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Sales fallacies PDF Print

Fakiha Imran, Navitus
December, 2010

Selling is an exhilarating expedition; there is never a dull moment. Either you celebrate your achievements or bash yourself on the accomplishment of your competitor. If you are a salesperson, the prospect of winning and losing probably haunts you in your dreams.

In a recent workshop on selling skills, I asked participants to list down some of the sales fallacies. It was quite an eye opener. The list was long and fascinating. Here are the top three myths that surfaced.

1) Success in selling is all about having the “gift of the gab”

Most salespeople believed that having the gift of the gab was undoubtedly the qualification required to be successful in sales. To some extent this is true - a sales professional should have a natural ability to express ideas fluently and persuasively. However, at times our eloquence turns out to be the major hurdle in understanding and connecting with the prospect. WHY? Simply because we emphasize more on our sales pitch rather than lending an ear to understand the needs of the other person. The desire to talk more than to listen renders a salesperson ineffective.

In this context, you will realize that communication skills are often misunderstood. When I ask my participants to define communication, the most common reply is “getting your message across”. This may be so, but this is just a small part of communication. What about the receiver and his/her comprehension of the message?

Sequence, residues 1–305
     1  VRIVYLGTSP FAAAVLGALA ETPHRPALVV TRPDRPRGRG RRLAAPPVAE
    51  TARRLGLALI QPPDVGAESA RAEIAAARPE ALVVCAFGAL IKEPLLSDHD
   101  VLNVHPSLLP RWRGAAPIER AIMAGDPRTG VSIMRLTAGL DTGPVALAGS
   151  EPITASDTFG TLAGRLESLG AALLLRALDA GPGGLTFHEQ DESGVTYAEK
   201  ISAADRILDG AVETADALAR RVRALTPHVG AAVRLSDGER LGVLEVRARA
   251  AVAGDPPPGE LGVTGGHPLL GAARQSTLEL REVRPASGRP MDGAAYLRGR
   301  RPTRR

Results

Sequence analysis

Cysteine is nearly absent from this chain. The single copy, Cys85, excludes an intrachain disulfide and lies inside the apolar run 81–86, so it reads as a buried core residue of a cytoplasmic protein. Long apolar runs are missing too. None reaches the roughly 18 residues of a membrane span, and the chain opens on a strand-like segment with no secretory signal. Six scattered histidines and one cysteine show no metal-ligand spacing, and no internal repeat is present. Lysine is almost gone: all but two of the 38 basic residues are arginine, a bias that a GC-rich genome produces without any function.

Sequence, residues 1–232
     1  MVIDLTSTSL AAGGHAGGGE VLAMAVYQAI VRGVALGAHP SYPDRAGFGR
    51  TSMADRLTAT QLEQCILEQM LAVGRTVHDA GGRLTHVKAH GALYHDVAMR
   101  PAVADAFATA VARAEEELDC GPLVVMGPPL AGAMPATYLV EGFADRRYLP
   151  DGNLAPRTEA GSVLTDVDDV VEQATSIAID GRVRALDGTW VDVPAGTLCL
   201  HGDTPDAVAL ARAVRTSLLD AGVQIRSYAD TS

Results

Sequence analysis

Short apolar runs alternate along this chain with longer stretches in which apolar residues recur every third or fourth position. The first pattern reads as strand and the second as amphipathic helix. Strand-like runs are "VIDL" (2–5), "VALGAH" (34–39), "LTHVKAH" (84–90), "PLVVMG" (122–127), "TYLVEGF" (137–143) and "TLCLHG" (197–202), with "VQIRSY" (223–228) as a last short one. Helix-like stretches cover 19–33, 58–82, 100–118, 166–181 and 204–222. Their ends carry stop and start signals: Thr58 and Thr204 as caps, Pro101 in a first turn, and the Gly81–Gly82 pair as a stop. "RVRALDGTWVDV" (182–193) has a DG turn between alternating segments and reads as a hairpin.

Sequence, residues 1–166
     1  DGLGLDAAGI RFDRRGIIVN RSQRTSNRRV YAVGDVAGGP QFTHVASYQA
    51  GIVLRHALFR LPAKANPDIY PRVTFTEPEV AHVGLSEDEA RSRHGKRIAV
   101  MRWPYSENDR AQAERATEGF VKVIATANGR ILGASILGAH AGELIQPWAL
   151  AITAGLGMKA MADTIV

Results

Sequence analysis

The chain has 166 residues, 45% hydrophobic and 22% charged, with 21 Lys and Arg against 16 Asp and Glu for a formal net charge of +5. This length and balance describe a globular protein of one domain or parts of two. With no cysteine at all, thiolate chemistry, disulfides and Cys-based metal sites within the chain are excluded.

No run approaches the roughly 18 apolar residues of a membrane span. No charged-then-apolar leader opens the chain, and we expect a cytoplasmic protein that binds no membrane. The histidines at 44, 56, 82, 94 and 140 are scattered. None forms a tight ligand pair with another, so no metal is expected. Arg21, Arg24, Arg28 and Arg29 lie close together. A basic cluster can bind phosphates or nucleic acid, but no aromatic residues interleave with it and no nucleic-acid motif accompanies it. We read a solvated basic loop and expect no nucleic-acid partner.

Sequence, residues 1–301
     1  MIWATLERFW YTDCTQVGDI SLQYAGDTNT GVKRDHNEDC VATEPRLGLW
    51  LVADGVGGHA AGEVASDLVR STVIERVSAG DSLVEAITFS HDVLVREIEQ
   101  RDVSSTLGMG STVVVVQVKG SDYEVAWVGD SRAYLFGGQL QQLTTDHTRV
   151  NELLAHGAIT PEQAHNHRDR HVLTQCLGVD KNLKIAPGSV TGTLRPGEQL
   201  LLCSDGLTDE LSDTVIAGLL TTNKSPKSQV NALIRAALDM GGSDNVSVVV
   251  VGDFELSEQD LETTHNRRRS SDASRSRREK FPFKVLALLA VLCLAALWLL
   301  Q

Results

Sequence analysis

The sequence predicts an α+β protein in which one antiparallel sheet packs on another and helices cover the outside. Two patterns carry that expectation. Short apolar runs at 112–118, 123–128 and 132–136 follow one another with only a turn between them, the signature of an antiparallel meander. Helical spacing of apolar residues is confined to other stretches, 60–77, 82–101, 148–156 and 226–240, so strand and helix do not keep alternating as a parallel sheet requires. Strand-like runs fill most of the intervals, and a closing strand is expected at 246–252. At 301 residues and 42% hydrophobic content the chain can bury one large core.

Communication is all about connecting with the other person at an intellectual and emotional level. “Gift of the gab” is talking impressively, and this in itself is not enough. Empathetic listening and our ability to understand and feel the real need in what is said, is of the essence.

2) “Topi” Principle

Sadly, many salespeople apply the “Topi Principle”. Interestingly, it does work, but only for a short while. A participant described it thus: “A topi is actually a helmet which we offer to customers to supposedly protect them from the sales overtures of our competitors”.

Usually sales people revert to the ‘topi’ principle out of sheer desperation. As selling is about achieving targets, the pressure to make the numbers drives some to go for an instant ‘kill’. They end up over exerting themselves and achieve a reluctant ‘yes’ to their offering from some of their prospects.

While this approach may work, success is short-lived. In reality, such deals turn out to be counterproductive in the long run. You end up losing our customers/prospects to our competitors.

Seasoned sales professionals opt for trust, instead of ‘topi’ and pressure selling. They aim to win over the prospect by aiming to develop long term relationships. This they do by focusing on mutual value addition through their faith in their product or service and their personal credibility and professionalism.

Portraying competition as villains

You may have come across salespeople who spend more time emphasizing weaknesses of their competitors than amplifying the benefits their products and services that match your identified needs.

One thing that kills a sale faster than anything else is when salespeople waste precious time elaborating how bad, dishonest or over priced their competitors’ products or services are.

It’s never a good idea to portray a dark picture of your competitor. Not only is it unprofessional, it also harms your image and that of your organization. Follow the golden rule, “If you have nothing good to say about someone, say nothing.”

Conclusion

The profession of selling is inherently noble. It has earned a bad name simply on account of many salespeople acting unprofessionally, and at time unethically, either out of desperation, or their insatiable greed.

The process of selling requires skills in relationship building. And this calls for integrity stemming from a desire to give value, instead of focusing on getting numbers at any cost.

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